Quantcast

Latest Human genetic variation Stories

2010-02-19 13:57:32

Viruses have played a role in shaping human genetic variability, according to a study published February 19 in the open-access journal PLoS Genetics. The researchers, from the Don C. Gnocchi and Eugenio Medea Scientific Institutes, the University of Milan and the Politecnico di Milano, Italy, used population genetics approaches to identify gene variants that augment susceptibility to viral infections or protect from such infections. Viruses have represented a threat to human populations...

24845d767c476664a1cd673115072d071
2010-02-17 14:38:33

Benefits for human health expected Human genomes from Southern African Bushmen and Bantu individuals have been sequenced by a team of scientists seeking a greater understanding of human genetic variation and its effect on human health. The study's findings will be published in the journal Nature on 18 February 2010. The research was completed by scientists from American, African, and Australian research institutions, with support from Penn State University in the United States and from...

2010-01-26 12:29:37

Scientists at Duke University Medical Center say they are now convinced that rare genetic variants "“ as opposed to more common ones "“ lie at the heart of the genetic component of most common diseases. The finding appearing in PLoS Biology, stems from a series of simulation studies, and challenges common interpretations of a multitude of genome-wide association studies (GWAS) that have identified thousands of single-DNA letter changes associated with greater risk of common...

6e74a3f7608bbaacc0fcee35cb270f1d1
2010-01-14 12:15:48

Genes are being tested for roles in most conspicuous variations among dogs From the Dachshund's stubby legs to the Shar-Pei's wrinkly skin, breeding for certain characteristics has left its mark on the dog genome. Researchers have identified 155 regions on the canine genome that appear to have been influenced by selective breeding. With more than 400 distinct breeds, dogs come in a wide range of shapes, sizes, fur-styles, and temperaments. The curly-haired toy poodle, small enough to sit in a...

2010-01-08 12:38:13

Researchers devise method to pinpoint key genetic variations under positive natural selection that may impact human health Fossils may provide tantalizing clues to human history but they also lack some vital information, such as revealing which pieces of human DNA have been favored by evolution because they confer beneficial traits "” resistance to infection or the ability to digest milk, for example. These signs can only be revealed through genetic studies of modern humans and other...

fa3d9894cb2e93885dfbacb9544e33161
2009-12-21 14:39:25

Collaboration by University of Pennsylvania and Cornell University People who identify as African-American may be as little as 1 percent West African or as much as 99 percent, just one finding of a large-scale, genome-wide study of African and African-American ancestry released today. An international research team led by scientists from the University of Pennsylvania and Cornell University has collected and analyzed genotype data from 365 African-Americans, 203 people from 12 West African...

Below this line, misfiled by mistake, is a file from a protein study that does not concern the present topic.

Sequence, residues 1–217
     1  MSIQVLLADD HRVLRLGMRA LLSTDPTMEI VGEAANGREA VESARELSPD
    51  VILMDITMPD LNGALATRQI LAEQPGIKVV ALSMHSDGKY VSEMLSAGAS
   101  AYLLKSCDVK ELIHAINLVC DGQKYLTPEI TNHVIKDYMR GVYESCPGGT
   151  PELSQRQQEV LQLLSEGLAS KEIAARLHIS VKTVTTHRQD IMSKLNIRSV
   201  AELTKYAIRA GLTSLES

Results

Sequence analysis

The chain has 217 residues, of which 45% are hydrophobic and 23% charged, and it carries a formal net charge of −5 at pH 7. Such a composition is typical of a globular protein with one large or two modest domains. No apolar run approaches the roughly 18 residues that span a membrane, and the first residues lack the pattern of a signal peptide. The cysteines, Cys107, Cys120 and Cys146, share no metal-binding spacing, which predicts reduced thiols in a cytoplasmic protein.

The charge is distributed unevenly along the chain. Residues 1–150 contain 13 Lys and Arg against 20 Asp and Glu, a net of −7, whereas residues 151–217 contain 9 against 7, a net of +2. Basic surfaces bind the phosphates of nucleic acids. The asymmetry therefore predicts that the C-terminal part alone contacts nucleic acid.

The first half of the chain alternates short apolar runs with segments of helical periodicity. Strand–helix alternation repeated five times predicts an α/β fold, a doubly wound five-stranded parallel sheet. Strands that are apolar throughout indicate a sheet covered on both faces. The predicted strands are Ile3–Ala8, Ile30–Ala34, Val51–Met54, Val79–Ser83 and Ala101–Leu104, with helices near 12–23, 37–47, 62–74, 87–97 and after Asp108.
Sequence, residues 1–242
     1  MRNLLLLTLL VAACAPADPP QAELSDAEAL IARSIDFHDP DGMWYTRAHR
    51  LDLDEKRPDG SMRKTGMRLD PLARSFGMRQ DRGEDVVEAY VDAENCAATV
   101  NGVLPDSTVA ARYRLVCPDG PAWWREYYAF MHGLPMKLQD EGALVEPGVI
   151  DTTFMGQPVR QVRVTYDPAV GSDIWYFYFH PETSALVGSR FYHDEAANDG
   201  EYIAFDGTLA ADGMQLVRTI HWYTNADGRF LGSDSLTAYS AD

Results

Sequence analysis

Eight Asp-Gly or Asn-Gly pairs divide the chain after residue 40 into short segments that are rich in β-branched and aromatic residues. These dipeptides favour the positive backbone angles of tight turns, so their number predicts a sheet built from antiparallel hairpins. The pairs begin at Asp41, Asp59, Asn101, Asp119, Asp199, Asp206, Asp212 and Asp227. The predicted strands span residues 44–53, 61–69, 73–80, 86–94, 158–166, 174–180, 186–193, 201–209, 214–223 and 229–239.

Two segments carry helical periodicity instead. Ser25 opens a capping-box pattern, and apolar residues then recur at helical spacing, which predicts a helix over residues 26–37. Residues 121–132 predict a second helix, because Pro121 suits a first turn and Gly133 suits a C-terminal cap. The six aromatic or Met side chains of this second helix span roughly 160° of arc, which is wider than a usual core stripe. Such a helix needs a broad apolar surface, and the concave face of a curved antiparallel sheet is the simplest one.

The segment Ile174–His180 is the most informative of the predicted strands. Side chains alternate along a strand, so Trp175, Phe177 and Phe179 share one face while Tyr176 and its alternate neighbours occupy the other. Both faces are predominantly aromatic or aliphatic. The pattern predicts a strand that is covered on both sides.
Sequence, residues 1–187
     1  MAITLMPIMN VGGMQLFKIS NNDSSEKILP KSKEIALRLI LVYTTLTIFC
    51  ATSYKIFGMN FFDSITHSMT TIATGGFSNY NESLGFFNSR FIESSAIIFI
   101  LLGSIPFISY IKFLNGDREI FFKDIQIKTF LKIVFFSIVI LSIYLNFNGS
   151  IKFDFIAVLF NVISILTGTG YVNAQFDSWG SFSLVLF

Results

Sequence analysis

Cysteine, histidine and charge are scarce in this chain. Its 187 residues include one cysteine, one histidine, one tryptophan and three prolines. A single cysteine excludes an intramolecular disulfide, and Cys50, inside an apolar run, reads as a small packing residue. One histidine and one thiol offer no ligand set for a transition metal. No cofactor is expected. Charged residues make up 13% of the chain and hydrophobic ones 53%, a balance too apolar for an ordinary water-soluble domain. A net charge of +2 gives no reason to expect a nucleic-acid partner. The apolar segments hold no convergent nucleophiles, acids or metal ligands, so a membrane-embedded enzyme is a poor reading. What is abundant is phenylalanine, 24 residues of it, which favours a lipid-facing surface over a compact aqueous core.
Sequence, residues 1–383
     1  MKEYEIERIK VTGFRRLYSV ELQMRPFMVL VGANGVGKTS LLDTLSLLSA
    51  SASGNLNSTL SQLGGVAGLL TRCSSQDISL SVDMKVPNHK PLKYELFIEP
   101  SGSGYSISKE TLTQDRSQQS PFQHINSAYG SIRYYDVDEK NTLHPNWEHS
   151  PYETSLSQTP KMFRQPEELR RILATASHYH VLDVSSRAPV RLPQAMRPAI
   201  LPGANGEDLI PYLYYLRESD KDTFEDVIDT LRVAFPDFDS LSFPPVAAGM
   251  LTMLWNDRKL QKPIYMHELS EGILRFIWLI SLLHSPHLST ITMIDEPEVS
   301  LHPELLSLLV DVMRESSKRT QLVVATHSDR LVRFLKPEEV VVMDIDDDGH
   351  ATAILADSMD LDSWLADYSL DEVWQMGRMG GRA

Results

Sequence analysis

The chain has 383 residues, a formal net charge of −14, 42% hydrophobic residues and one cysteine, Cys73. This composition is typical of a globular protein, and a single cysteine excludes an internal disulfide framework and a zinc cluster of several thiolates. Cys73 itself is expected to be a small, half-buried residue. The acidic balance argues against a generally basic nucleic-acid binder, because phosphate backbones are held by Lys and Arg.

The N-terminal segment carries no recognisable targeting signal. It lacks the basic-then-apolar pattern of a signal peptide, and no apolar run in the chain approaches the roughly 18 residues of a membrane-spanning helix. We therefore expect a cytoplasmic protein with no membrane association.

2009-12-10 14:04:01

73 Southeast Asian and East Asian populations genetically mapped Several genome-wide studies of human genetic diversity have been conducted on European populations. Now, for the first time, these studies have been extended to 73 Southeast Asian (SEA) and East Asian (EA) populations. In a paper titled, "Mapping Human Genetic Diversity in Asia," published online Science on 10 Dec. 2009, over 90 scientists from the Human Genome Organisation's (HUGO's) Pan-Asian SNP Consortium report that their...

2009-11-25 14:54:59

Genome Institute of Singapore researchers compiled map based on genome-wide variations of 6,000 samples The first genetic historical map of the Han Chinese, the largest ethnic population in the world, as they migrated from south to north over evolutionary time. was published online today by the American Journal of Human Genetics by scientists at the Genome Institute of Singapore (GIS). Based on genome-wide DNA variation information in over 6,000 Han Chinese samples from 10 provinces in China,...

ea4c1e19d0ad7457380bbdb93f92067f
2009-11-10 13:34:17

Penguins that died 44,000 years ago in Antarctica have provided extraordinary frozen DNA samples that challenge the accuracy of traditional genetic aging measurements, and suggest those approaches have been routinely underestimating the age of many specimens by 200 to 600 percent. In other words, a biological specimen determined by traditional DNA testing to be 100,000 years old may actually be 200,000 to 600,000 years old, researchers suggest in a new report in Trends in Genetics, a...

2009-10-22 15:31:16

Spend a little time people-watching at the beach and you're bound to notice differences in the amount, thickness and color of people's body hair. Then head to the zoo and compare people to chimps, our closest living relatives. The body hair difference is even more pronounced between the two species than within our own species. Do the same genes cause both types of variation? Biologists have puzzled over that question for some time, not just with respect to people, chimps and body hair, but...


Word of the Day
lambent
  • Licking.
  • Hence Running along or over a surface, as if in the act of licking; flowing over or along; lapping or bathing; softly bright; gleaming.
This word comes the Latin 'lambere,' to lick.
Related